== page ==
5 Days of Action brings awareness to inclusion on campus

Campus News
UVic’s new 5 Days of Action initiative. Photo via UVic

The “5 Days of Action; 365 Days of Commitment” is a five-day event on campus that UVic hopes will engage the community in a dialogue to end discrimination, harassment, and sexualized violence. Organized by UVic’s Equity and Human Rights Office (EQHR), the five-day movement runs from March 19–23 and includes interdisciplinary events like workshops, panels, art exhibits, and theatre performances.

The main thing students will notice around campus during the week are the art installations. Students should expect to see brightly painted shoes displayed with a hashtag, #ShoesToAct, in the middle of the campus’ high-traffic areas. The colorful shoes are meant to symbolize individual “steps” that need to be taken towards a more inclusive community.

These symbolic “steps” also connect with the event’s five calls to action: listening, reflecting, dialogue, engagement, and solidarity. It emphasizes a logical sequence of steps to show people how they can make a meaningful commitment to inclusivity.

“It’s really exciting to see the campus community come together, collaborating around such an important set of issues that impact everyone,” Shumka points out.

Leah Shumka is the Sexualized Violence Education and Prevention Coordinator at EQHR.

“There’s a level of fun to it,” Shumka says. “There’s a real strong intellectual engagement on the topics [and] there’s a really strong social justice forum happening, just because all different people engage with these topics differently. For some it’s really fresh and new, and so we want to have that really intro level content, and [have it get] more and more complex and sophisticated.”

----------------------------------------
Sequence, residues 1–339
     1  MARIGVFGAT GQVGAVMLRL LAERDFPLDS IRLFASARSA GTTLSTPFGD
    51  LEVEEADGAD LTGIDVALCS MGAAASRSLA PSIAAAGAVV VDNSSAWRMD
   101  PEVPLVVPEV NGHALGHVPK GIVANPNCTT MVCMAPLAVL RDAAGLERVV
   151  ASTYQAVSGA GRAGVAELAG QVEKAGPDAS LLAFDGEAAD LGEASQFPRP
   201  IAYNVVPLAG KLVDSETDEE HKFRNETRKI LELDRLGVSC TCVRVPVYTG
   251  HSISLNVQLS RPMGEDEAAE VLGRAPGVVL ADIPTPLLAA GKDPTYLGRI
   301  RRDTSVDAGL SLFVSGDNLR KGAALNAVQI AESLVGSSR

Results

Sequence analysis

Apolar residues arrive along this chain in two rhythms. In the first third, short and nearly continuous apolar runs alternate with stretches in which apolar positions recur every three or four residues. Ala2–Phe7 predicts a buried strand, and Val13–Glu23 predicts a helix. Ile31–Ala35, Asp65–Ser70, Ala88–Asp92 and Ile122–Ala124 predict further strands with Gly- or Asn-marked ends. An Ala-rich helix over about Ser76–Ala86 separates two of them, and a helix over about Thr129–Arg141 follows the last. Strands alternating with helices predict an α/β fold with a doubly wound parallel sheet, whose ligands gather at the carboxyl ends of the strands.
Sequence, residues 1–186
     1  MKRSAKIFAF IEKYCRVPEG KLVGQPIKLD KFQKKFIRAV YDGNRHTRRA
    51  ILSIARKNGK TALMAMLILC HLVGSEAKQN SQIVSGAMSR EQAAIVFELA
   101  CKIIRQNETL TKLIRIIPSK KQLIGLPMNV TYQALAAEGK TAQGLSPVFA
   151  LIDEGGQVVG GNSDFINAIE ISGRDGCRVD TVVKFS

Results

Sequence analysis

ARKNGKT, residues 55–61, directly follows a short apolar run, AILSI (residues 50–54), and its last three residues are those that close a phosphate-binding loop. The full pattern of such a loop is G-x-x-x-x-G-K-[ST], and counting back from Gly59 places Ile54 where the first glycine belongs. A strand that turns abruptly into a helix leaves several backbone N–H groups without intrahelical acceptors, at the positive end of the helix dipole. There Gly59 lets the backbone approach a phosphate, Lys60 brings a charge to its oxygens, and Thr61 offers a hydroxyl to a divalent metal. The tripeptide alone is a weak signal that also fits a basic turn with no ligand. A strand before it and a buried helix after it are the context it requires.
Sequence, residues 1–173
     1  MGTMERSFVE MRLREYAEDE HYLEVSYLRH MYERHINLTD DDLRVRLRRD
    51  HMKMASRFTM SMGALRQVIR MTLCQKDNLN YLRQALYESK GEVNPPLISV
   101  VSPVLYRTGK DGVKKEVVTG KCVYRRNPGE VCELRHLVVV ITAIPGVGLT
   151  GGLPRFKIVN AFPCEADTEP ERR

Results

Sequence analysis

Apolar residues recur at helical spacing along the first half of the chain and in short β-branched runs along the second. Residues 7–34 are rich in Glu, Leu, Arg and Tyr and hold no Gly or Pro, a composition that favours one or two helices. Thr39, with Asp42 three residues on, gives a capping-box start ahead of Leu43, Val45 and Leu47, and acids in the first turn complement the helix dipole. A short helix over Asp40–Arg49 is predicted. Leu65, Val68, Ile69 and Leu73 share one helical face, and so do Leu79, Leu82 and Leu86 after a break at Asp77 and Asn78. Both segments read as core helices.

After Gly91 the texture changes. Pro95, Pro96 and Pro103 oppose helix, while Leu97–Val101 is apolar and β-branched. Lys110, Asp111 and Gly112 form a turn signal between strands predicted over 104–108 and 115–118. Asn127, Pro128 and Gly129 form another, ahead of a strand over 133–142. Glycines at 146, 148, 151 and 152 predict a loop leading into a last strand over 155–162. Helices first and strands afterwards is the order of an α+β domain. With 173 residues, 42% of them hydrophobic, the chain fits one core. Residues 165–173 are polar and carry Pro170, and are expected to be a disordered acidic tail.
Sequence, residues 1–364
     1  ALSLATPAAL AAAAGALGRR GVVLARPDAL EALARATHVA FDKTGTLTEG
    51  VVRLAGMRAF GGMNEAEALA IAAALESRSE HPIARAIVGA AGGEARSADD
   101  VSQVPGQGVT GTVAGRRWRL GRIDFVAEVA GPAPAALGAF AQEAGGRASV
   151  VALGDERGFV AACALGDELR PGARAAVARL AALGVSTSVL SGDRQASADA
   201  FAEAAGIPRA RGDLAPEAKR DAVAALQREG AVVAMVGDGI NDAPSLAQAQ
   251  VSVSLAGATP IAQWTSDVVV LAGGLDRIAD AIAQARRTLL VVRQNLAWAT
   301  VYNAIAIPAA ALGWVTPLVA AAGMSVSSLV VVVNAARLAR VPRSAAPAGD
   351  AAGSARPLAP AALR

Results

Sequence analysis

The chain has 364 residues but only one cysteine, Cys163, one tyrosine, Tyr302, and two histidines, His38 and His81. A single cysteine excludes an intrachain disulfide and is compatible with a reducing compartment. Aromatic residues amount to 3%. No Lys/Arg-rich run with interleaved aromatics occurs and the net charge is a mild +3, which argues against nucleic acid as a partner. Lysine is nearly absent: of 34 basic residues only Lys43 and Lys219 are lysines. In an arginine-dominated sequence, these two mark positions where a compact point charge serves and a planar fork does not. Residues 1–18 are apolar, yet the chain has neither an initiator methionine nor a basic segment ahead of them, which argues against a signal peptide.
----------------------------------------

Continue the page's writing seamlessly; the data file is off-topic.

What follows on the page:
The week’s events were based on the idea of encouraging courageous conversations and focusing on a call to action. The intersectional, campus-wide movement aims to address topics such as race and ethnicity, sex and gender, disability, sexuality, and religious affiliation.

A complete list of all the events throughout the week can be found on the EQHR website and their relevant social media sites. The most notable of the events are a restorative justice event at the First People’s House, a panel on how religion can contribute to human rights and social justice, different theatre performances on immigrant journeys and invisible disabilities, and the eye-catching public art installations.

Many departments around campus are actively participating in the events and bringing an awareness of the issues to their respective areas.

“It’s really exciting to see the campus community come together, collaborating around such an important set of issues that impact everyone,” Shumka points out.

The five days also coincides with the university’s Friday evening keynote, “The ‘T’ is not Silent”, held on March 23. The keynote speaker is Andrea Jenkins, the first openly transgender black woman elected to public office in the U.S.

The university’s goal for the week is to call people to action, open meaningful dialogue, and inspire long-term commitment to addressing barriers to inclusion. This is the 5 Days of Action’s first year, and Shumka hopes it grows into an all-encompassing event on campus.

“In the future, we envision campus-wide immersion,” she says. “We’d like to have each unit, department, and faculty renew their ongoing commitment to address discrimination, harassment, and violence head on, so the campus community feels safe, inclusive, and respectful for everyone.”